Continuing my circuitous stroll I get to Cork Street and the Angela Flowers Gallery, only to be greeted with a dour selection of gnarled portraiture courtesy of Peter Howson. The artist seems to delight in delineating every hardworn crease and wretched wrinkle in the faces of his sitters, all of which makes the results uncomfortably convincing. It’s easy to imagine bumping into some of these characters sitting dolefully in the backroom of a smoky, gritty pub although, to be honest, I think I prefer the introductions being made here, within the confines of a well-lit West End gallery.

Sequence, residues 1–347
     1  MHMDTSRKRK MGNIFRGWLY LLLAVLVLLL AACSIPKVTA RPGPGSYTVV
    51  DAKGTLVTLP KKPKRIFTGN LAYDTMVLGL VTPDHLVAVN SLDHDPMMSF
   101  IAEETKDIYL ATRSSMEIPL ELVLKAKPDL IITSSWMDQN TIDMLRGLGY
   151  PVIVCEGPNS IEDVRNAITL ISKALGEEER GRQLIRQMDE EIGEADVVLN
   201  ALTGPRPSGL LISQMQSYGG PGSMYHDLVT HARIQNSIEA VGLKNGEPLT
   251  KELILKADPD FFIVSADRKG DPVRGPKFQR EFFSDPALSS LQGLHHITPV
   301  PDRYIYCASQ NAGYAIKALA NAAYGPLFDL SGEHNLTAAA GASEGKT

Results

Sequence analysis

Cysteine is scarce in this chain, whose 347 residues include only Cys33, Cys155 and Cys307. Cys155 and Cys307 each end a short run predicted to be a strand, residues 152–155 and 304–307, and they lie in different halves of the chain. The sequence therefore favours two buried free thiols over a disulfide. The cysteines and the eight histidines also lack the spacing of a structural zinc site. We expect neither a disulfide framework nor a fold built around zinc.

And so after all that preamble ramble I finally walk along to the ICA which has decided to give over its ground floor gallery to stage Never Again, an exhibition about the accessories designer, art director and fashion stylist Judy Blame. I have to admit that I’d never heard of this creative powerhouse and reading his biography I can quickly see why. Apparently he came to fame in the London’s club scene of the 1908s; was best friends with Derek Jarman and Leigh Bowery; worked on magazines like i-D and The Face; collaborated with John Galliano and Louis Vuitton; and acted as an image consultant for Boy George and Bjork. I suppose I just have to admit that while I’m sort of aware of the existence of this parallel universe in which an excitingly groovy and desperately vital kind of fashionable milieu preens, parades and prances about, it doesn’t hold a great deal of interest for me. I could never really see the point of just dressing up and posing, although I accept that for many people such activities obviously play a very important part in their lives. And, of course, it’s indisputable that the wilder fringes of the fashion world, having been suitably watered down, neutered and de-fanged, tend eventually to enter the everyday world of the highstreet mainstream and so influence the sartorial styles of those of us who just aren’t very interested in such things. Which, I suppose, is a grudging, roundabout way of saying that while I didn’t really find very much to engage my attention in any of the photographs or display cases full of source-book jumble and fashion memorabilia that have been gathered together to give an insight into the creative mind of Mr Blame, I’m sure that some people will.